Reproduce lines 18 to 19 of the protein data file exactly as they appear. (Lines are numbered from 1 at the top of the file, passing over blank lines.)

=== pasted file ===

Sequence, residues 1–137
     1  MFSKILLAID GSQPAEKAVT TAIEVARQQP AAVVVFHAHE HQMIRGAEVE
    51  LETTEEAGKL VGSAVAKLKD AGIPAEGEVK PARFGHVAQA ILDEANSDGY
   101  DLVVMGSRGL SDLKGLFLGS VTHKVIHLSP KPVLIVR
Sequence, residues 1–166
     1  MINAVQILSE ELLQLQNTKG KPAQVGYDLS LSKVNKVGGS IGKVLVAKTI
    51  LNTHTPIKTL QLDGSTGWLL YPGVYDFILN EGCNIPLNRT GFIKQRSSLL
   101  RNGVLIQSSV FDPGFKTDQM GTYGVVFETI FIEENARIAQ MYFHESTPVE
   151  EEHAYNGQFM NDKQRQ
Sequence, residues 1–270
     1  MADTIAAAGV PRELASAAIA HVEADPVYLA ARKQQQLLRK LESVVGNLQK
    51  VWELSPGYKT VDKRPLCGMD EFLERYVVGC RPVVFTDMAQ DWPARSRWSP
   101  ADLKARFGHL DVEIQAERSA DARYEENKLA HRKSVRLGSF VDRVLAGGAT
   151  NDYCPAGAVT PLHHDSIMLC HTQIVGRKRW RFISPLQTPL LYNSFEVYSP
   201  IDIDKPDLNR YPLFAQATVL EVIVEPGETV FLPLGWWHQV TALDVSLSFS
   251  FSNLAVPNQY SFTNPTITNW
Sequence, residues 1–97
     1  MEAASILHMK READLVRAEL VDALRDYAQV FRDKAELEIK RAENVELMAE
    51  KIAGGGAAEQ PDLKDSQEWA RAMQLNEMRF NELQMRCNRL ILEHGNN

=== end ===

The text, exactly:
     1  MEAASILHMK READLVRAEL VDALRDYAQV FRDKAELEIK RAENVELMAE
    51  KIAGGGAAEQ PDLKDSQEWA RAMQLNEMRF NELQMRCNRL ILEHGNN